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Bone marrow Red Yellow Bone Fat Reticulin Haematopoiesis – red, white, platelets lymphoid.

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Presentation on theme: "Bone marrow Red Yellow Bone Fat Reticulin Haematopoiesis – red, white, platelets lymphoid."— Presentation transcript:

1 Bone marrow Red Yellow Bone Fat Reticulin Haematopoiesis – red, white, platelets lymphoid

2 Normal red cells Central pale area

3 Red cells MenWomen Hemoglobin (g/l)140-180120-160 Hematocrit (%)40-5236-48 Red cell count (10 12 /l)4.5-6.53.9-5.6 Reticulocyte count (%)0.5-1.5 Mean cell volume (fl)80-95 Mean corpuscular hemoglobin (pg)27-33 Mean corpuscular hemoglobin concentration (gm/dL) 33-37

4 Red cells pathological conditions: I.decrease in the circulating red cell mass (poss. with structural abnormalities) very common - anaemia II. increase in the circulating red cell mass less common polycythemia =erythrocytosis=polyglobuly

5 Polycythemia =increased concentration of red cells RELATIVE - decreased plasma volume dehydration, stress ABSOLUTE primary – neoplastic= polycythemia vera = myeloproliferative neoplasm secondary - increased erythropoietin stimulation  Appropriate  reactive – low levels of oxygen in the PB (heart disease, high altitude)  Inappropropriate

6 Red cells Normal: uniform in size and shape Pathologic: variation in size, shape, inclusions Variation size - anisocytosis Shape – poikilocytosis

7 Red cells - functions Deliver oxygen to the tissues Anemia - reduction of the total number of red cells amount of hemoglobin circulating red cell mass

8 Consequences of anemia - symptoms ???????????

9 Dg. of anemia - history Age of onset Duration of illness Prior therapy of anemia Suddennes or severity of anemia Chronic blood loss Hemolytic episodes Toxic exposures Dietary history Family history, racial background Underlying diseases

10 Anemia – consequences, symptoms Fatigue, syncope, dyspnea Impairment of organ function due to hypoxia Pallor, postural hypotension )decreased blood volume) Heart murmurs, heart failure. Increased cardiac output

11 Anemia Not a diagnosis per se Look for an underlying problem History, physical examination

12 Anaemia decrease in the total circulating red cell mass (hematocrit, hemoglobin concentration) Classification: A. underlying mechanism blood loss increased destruction decreased production B. morphology of erythrocytes size (micro-, macro-, normocytic) shape (spherocytosis, stomato-,...) color (degree of hemoglobinization: normo- hypo-, hyperchromic) MAYCOMBINEMAYCOMBINE

13 Acute Hypovolemia – shock Anemia – normocytic normochromic Shift of water – hemodilution –↓ hematocrite Compensatory increase of red cell production Reticulocytes Chronic → loss of iron→ iron deficiency hypochromic sideropenic anemia Blood loss acute or chronic internal or external

14 Iron deficiency anemia mechanism: blood loss, decreased production body iron = functional + storage F - 2g, M - 6g inadequate intake for metabolic demands Lack in diet or low absorption most common nutritional disorder in the world 2. Increased requirement (children, pregn., lact) !!!3. Chronic blood loss!!! - GIT, GYN most important cause of iron deficiency in the Western world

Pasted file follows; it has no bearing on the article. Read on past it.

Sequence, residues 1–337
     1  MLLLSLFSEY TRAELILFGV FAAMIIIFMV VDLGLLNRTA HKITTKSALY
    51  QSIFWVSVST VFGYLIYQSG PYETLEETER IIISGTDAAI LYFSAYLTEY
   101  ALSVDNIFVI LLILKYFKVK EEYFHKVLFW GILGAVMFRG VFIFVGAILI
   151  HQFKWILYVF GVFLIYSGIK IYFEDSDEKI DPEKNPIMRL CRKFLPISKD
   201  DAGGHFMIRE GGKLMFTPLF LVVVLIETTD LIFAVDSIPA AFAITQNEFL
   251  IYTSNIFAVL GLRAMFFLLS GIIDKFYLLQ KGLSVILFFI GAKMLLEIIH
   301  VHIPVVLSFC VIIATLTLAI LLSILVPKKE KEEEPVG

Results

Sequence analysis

15 Hypochromic microcytic sideropenic anemia Scattered fully hemoglobinized cells - blood transfusion Small hemoglobinization (narrow Hb rim -periphery) Small red cells Iron deficiency

16 PB: ery pale + small BM: erythroid hyperplasia, loss of iron alopecia, koilonychia, atrophy of tongue, gastric mucosa Plummer-Vinson (Kelly-Patterson) syndrome:, atrophic glossitis, esophageal webs

17 Iron deficiency anaemia Pallor conjunctiva skin pale palmar creases

18 Iron deficiency anaemia koilonychia nails concave (or flat), ridged, brittle

19 Iron deficiency anaemia angular cheilosis fissuring and ulceration; pallor

20 Iron deficiency anaemia flattening and loss of papillae bald, fissured tongue

21 Causes of hypochromic anemia 1.Disorders of iron metabolism 2.Disorders of heme synthesis 3.Disorders of globin synthesis (thalassemia) Ad 1. Iron deficiency Blood loss Poor intake - growth, pregnancy, lactation Malabsorption Chronic infections or inflammatory states neoplasia

22 Anaemia decrease in the total circulating red cell mass (hematocrit, hemoglobin concentration) Classification: A. underlying mechanism blood loss → increased destruction decreased production

23 Increased destruction =lysis of red cells=hemolysis intravascular – rare - mechanical injury – artificial valves or microthrombi, exogenous toxic agents, complement fixation (transfusion of mismatched blood) extravascular - more common, when red cells considered foreign or less deformable Hemolytic anemia Abnormality:  intracorpuscular or extracorpuscular  hereditary (intra) or acquired (extra)

24 Hemolytic anemia premature destruction of red cells accumulation of the products of the hemoglobin catabolism BM – increased erythropoiesis, extreme: extramedullary hematopoiesis PB: reticulocytosis high bilirubin –gallstones; jaundice, blr in urine chronic duration: hemosiderosis Main clinical symptoms anemia, splenomegaly, jaundice; gallstones

25 Haemolytic anaemia splenomegaly and jaundice

26 Haemolytic anaemia jaundice normal

27 Increased destruction of ery=hemolysis I. Intrinsic (intracorpuscular) causes A. hereditary membrane – cytoskeleton, lipid synthesis enzymes – deficiencies - G6PD, glutathione synthetase, pyruvate kinase hemoglobin - deficient synthesis of globin, structurally abnormal Hb B. acquired membrane defect: paroxysmal nocturnal hemoglobinuria II. Extrinsic (extracorpuscular) causes antibodies, trauma, infection, chemical injury sequestration

28 Examples of hemolytic anemia Membrane defects – Proteins underlying the red cell membrane Shape, stability, flexibility

29 Hereditary spherocytosis (peripheral smear) anisocytosis and several dark-appearing spherocytes with no central pallor. Howell-Jolly bodies (small dark nuclear remnants)

30 Hereditary spherocytosis AD (AR, sporadic);most common her. hemol. A. Membrane defect – cytoskeleton – protein spectrin (and ankyrin) deficiency Round erythrocyte= spherocyte, less deformable Vulnerable to spleen sequestration and destruction Main clinical symptoms anemia, splenomegaly, jaundice; gallstones Chronic hemolytic anemia (mild to normal) Acute anemic episodes: aplastic crisis (parvovirus) hemolytic crisis